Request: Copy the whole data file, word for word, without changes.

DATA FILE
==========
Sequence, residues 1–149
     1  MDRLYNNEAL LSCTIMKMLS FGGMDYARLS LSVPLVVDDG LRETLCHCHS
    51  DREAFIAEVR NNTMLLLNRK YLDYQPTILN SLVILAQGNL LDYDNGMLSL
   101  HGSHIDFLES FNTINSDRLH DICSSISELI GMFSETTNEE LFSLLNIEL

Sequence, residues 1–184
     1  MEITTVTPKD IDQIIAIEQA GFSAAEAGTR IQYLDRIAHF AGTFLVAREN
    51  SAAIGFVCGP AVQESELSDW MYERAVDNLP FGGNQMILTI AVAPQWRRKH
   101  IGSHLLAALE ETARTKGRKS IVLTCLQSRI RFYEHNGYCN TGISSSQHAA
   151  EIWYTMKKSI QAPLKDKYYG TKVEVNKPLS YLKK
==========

Sequence, residues 1–149
     1  MDRLYNNEAL LSCTIMKMLS FGGMDYARLS LSVPLVVDDG LRETLCHCHS
    51  DREAFIAEVR NNTMLLLNRK YLDYQPTILN SLVILAQGNL LDYDNGMLSL
   101  HGSHIDFLES FNTINSDRLH DICSSISELI GMFSETTNEE LFSLLNIEL

Sequence, residues 1–184
     1  MEITTVTPKD IDQIIAIEQA GFSAAEAGTR IQYLDRIAHF AGTFLVAREN
    51  SAAIGFVCGP AVQESELSDW MYERAVDNLP FGGNQMILTI AVAPQWRRKH
   101  IGSHLLAALE ETARTKGRKS IVLTCLQSRI RFYEHNGYCN TGISSSQHAA
   151  EIWYTMKKSI QAPLKDKYYG TKVEVNKPLS YLKK